# Electric Field Due to Point Charges?

1. Dec 4, 2005

### ylem

Hello!

Just hoping for a bit of help on a homework problem I'm doing at the moment...

Basically this is the question:

Three point charges are placed along the y axis: a charge q at y=a, a charge -2q at the origin and a charge q at q=-a. Such an arrangement is called an electric quadrupole.
a. Find the magnitude and direction of the electric quadrupole at points along the positive x-axis.
b. Use the binomial expansion to find an approximate expression for the electric field valid for x>>a. Contrast this behaviour to that of the electric field of a dipole.

I've tried to do this loads of different ways...

I've basically used E = 1/4pi...q/r^2 (didn't know how do get a symbol for the permittivity of free space!) and then for the vector have put (xi - aj) for q at a and so on... But then when I add them up to come up with a total E I just get something that looks really messy - although it is to the power of a half and could be expanded using the binomial, it just looks wrong...

Any input on how I could try to solve the question would be greatly appreciated!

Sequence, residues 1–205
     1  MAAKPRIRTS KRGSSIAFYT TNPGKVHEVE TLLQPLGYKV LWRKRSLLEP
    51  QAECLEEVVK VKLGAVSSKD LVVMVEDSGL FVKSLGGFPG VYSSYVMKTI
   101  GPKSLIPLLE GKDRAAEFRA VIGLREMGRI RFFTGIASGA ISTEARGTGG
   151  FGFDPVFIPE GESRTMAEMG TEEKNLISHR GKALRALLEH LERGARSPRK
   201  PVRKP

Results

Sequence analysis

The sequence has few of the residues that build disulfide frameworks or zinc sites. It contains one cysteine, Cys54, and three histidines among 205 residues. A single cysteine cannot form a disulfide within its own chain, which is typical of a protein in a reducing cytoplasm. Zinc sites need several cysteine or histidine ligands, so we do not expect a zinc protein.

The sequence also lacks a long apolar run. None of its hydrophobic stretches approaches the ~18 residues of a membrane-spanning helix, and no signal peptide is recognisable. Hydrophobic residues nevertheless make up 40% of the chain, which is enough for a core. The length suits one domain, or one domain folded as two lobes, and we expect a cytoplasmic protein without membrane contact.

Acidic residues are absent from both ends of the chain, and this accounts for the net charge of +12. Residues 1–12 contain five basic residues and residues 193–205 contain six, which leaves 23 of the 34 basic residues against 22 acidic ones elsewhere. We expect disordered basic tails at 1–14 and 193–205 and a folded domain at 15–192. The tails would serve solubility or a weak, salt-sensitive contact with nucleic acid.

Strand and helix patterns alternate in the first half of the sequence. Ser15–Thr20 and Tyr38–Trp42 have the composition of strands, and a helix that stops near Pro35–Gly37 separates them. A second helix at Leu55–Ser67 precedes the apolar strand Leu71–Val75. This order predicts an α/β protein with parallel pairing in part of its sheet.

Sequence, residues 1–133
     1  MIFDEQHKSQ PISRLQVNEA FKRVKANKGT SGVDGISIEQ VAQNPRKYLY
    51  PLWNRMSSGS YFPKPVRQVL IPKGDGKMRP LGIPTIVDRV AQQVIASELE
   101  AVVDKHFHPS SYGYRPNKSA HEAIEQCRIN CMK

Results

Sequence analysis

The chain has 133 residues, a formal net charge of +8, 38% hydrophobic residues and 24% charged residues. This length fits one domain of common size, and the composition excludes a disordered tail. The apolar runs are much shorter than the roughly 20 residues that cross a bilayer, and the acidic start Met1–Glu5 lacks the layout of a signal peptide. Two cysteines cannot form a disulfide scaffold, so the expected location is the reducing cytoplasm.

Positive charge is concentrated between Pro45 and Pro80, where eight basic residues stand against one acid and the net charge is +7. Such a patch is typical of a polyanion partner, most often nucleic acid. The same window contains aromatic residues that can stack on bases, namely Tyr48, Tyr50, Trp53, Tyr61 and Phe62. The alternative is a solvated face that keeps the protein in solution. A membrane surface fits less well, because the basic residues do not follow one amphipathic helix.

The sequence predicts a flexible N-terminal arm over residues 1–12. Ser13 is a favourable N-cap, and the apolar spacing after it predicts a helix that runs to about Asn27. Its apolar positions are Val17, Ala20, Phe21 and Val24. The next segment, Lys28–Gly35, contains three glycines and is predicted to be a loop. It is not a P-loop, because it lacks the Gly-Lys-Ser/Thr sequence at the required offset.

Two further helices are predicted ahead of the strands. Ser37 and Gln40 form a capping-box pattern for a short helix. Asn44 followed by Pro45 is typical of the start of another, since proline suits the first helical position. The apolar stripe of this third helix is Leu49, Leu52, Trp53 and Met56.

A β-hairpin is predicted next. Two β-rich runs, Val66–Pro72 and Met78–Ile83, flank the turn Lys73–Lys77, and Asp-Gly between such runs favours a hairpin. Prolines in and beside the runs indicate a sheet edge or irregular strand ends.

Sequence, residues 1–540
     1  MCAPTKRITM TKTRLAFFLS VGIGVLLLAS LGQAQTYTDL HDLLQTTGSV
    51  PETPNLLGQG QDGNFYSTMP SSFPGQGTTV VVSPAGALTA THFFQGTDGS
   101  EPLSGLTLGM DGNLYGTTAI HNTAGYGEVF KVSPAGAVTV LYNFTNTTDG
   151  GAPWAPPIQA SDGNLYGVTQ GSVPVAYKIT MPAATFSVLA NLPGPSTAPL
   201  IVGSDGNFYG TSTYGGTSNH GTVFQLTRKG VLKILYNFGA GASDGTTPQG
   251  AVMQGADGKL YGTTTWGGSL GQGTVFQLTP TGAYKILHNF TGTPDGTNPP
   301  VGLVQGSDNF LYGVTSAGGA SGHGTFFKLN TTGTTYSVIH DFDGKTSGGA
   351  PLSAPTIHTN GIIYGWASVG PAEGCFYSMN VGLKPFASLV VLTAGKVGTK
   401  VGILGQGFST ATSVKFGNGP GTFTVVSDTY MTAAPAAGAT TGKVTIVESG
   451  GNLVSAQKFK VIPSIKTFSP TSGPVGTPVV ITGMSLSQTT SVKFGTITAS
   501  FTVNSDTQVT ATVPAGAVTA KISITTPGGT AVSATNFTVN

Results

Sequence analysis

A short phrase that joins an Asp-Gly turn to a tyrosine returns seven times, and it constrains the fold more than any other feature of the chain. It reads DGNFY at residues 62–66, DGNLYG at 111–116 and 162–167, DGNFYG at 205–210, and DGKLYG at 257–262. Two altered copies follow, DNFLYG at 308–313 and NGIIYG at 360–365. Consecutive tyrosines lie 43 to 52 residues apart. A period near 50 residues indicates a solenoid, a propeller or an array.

Thanks, Sam(antha)

2. Dec 4, 2005

### siddharth

What you did seems to be right. Just find the vector sum of the Electric field due to the three charges. The y-component of the field due to the charge at y=a and y=-a should cancel. So along the x-axis, your net Field should also point along the x direction.
If you post and show exactly where you are having difficulties (ie, which equations) it will be easier to help.

Last edited: Dec 4, 2005
3. Dec 4, 2005

### ylem

Thanks!

This is where I'm getting confused though, because if the y components cancel then when I find the magnitude of the field I will just be squaring the x components, so I won't have anything to the power of a half to expand using the Binomial?

4. Dec 5, 2005

### siddharth

You will have a power of 3/2. When you take the x-component due to the 2 charges at y=a and y=-a, the field will be
$$\frac{q \cos\theta }{4 \pi \epsilon (a^2 + x^2)}$$
So find $$\cos \theta$$ and substiute to find the Field.
So you will be able to use your approximation when x>>a

Last edited: Dec 5, 2005